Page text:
NYC's Silicon Alley badly trails Silicon Valley in startup influence

According to the new report from the Startup Genome project, New York City's much-hyped startup ecosystem ranks just fifth in influence.

Data put together by the Startup Genome project shows that Silicon Valley is far and away the most influential startup ecosystem in the world. New York's much vaunted Silicon Alley came in just fifth. Startup Genome

With the success of companies like Tumblr, Foursquare, and Kickstarter, New York's startup scene has gotten a lot of attention recently.

But despite the influence of those outfits and venture capitalists like Union Square Ventures' Fred Wilson, the Big Apple is a backwater when it comes to the world startup scene, according to a new report from the Startup Genome project.

In the study, New York City came in as just the fifth-ranked startup ecosystem in the world, trailing Silicon Valley, Israel's Tel Aviv, Los Angeles, and Seattle.

To come up with its rankings, the Startup Genome -- an initiative put together by a group of Silicon Valley investors that aims to identify the DNA of successful Internet start-ups and the teams and investors that build them -- identified eight weighted component indexes: startup output; funding; company performance; mindset; trendsetters; support; talent; and differentiation.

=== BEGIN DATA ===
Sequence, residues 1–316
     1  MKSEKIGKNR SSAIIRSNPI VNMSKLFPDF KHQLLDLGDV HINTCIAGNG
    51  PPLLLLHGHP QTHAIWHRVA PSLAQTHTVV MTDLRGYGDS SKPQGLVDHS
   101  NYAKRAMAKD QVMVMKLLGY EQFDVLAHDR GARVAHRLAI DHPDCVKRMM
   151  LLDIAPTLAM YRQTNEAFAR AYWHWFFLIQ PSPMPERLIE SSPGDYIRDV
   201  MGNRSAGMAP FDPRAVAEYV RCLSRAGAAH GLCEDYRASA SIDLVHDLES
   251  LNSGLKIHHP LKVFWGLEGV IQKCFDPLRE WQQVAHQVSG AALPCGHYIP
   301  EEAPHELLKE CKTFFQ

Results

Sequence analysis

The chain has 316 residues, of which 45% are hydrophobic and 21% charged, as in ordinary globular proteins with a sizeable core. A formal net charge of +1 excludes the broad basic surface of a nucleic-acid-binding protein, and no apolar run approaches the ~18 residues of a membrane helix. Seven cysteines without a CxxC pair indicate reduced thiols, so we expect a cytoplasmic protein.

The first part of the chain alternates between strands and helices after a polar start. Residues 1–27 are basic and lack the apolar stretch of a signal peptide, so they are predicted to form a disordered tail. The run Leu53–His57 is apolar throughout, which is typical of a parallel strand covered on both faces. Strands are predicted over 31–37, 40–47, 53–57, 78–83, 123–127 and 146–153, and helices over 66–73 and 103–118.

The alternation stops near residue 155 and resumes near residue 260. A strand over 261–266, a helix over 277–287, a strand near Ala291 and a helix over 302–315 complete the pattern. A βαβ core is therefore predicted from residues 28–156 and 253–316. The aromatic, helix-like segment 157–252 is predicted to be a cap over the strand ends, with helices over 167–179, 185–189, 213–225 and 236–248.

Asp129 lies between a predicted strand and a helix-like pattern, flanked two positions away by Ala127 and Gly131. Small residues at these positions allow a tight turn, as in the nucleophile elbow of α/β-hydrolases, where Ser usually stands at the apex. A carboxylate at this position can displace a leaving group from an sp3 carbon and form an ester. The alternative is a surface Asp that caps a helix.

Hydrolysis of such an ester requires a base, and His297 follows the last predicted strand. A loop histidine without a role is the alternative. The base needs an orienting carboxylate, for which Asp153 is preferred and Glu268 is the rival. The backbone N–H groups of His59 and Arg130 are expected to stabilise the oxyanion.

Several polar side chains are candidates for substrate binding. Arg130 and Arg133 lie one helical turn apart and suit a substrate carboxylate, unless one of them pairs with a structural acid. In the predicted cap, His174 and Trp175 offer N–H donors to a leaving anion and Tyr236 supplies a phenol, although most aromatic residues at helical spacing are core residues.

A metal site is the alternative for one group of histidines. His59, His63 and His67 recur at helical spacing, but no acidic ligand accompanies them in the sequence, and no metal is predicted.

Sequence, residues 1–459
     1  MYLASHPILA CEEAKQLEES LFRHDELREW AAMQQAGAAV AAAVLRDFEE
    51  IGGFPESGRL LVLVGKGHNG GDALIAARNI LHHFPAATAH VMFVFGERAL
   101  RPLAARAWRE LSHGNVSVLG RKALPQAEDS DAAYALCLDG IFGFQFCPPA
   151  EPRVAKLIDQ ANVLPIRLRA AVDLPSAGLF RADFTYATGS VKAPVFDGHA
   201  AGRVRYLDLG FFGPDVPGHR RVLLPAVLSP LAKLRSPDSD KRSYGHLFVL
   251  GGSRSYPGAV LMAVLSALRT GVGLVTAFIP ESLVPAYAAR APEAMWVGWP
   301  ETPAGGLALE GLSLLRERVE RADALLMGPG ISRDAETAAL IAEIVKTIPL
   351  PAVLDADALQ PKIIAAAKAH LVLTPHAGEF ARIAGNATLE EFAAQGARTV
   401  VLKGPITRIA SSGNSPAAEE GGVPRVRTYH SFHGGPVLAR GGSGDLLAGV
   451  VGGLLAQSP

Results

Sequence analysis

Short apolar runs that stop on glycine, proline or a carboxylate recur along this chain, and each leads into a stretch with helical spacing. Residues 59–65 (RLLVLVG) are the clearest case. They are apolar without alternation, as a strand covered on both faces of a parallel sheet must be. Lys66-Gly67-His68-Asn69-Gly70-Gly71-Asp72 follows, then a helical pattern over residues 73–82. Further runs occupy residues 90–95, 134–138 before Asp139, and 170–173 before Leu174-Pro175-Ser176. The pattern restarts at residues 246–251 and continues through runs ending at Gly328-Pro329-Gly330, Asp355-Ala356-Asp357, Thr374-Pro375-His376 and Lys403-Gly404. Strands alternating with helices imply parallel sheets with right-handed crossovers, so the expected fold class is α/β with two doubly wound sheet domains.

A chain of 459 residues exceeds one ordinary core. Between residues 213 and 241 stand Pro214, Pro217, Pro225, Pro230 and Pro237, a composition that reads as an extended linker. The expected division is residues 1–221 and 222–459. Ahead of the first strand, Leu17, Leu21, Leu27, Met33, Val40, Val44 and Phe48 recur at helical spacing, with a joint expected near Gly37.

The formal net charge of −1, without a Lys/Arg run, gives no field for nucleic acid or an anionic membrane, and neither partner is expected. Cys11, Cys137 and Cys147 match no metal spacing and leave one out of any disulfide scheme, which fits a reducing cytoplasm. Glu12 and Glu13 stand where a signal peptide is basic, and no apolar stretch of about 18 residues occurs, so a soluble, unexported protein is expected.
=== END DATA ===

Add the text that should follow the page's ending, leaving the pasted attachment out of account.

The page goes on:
While the project's researchers may well have a Silicon Valley bias, their data suggested that no other startup scene anywhere in the world comes close to what those in the San Francisco to San Jose corridor have going. Silicon Valley ranked number one in all eight of the indices, and unfortunately for the ego of those who think that Silicon Alley is right on its tail, New York came in no higher than third in any single index, and had only two top-five performances.

Still, the Big Apple can take comfort in the fact that the city scored higher than London, Paris, Moscow, Boston, Chicago, and many other cultural hubs. Ultimately, though, there's no doubt that the Mark Zuckerbergs of the world are going to continue heading West to Palo Alto. New York is a great place to visit, as they say, but maybe not so much for getting a startup off the ground.

About the author

Daniel Terdiman is a senior writer at CNET News covering Twitter, Net culture, and everything in between.

 

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